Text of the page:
That’s how it works when barriers fall; it’s hard to remember they were ever there at all.
“We hold these truths to be self-evident,” reads the Declaration signed in Philadelphia, “that all men are created equal.” In her speech, Clinton quoted lyrics from the musical Hamilton. But there was another couplet, from a different song, that she didn’t even need to repeat aloud: “We hold these truths to be self-evident, that all men are created equal,” the heroine, Angelica Schuyler, sings. “And when I meet Thomas Jefferson, I’mma compel him to include woman in the sequel.”
Hillary didn’t take the stage until well after 10 p.m., but all evening, parents filtered in to the Wells Fargo Arena with children in tow. A disproportionate number seemed to be girls. By an escalator, I found Patricia Ewing, who had brought her two daughters from Annapolis, Maryland, to share in the historic moment. “It’s a huge sea change in the possibilities for them,” Ewing said.
Her 14-year-old, Veronica, was less enthused. “Originally I was for Bernie,” she explained, “but since he wasn’t going to make it, she was the second best compared to Trump.” As we talked about the historic import of the moment, her 13-year-old sister turned her back to watch the crowd. I asked her what she thought. “I really don’t like Trump,” Sofia said. “I’d much rather have Bernie, but as long as it’s not Trump.”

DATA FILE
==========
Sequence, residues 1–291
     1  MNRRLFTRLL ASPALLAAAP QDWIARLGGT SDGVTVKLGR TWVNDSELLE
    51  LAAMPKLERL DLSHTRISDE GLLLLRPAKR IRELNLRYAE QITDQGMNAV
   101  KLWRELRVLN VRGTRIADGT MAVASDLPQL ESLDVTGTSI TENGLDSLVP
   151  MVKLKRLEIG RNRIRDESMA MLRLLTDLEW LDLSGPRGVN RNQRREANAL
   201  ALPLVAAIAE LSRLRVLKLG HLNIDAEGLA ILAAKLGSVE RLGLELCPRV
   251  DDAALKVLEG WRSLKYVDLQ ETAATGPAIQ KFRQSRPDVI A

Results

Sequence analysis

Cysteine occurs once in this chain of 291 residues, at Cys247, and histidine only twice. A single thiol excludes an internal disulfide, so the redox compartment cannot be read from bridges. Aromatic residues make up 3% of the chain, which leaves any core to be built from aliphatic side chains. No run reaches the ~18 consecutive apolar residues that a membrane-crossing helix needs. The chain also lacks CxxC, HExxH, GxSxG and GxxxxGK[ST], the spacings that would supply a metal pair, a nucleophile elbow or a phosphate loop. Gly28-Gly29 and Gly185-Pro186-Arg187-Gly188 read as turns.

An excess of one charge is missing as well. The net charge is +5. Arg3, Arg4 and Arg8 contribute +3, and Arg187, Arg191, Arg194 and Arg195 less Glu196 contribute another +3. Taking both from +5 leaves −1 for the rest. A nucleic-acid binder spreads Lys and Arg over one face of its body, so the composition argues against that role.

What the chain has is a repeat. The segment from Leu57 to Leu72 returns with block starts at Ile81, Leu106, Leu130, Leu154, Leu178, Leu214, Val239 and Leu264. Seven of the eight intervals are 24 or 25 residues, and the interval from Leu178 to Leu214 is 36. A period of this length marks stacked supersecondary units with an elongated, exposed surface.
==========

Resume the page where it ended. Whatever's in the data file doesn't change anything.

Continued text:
Others were more enthusiastic. Eighteen-year-old Zach Rosenfeld had come along with his father, Tom, and his 14-year-old brother. “I’m a huge Hillary fan,” he said, “and we’re about to see history made.” His high school sits a block away from Clinton’s campaign headquarters in Brooklyn. “To watch your kid so excited about the democratic process … is a real gift,” his father said.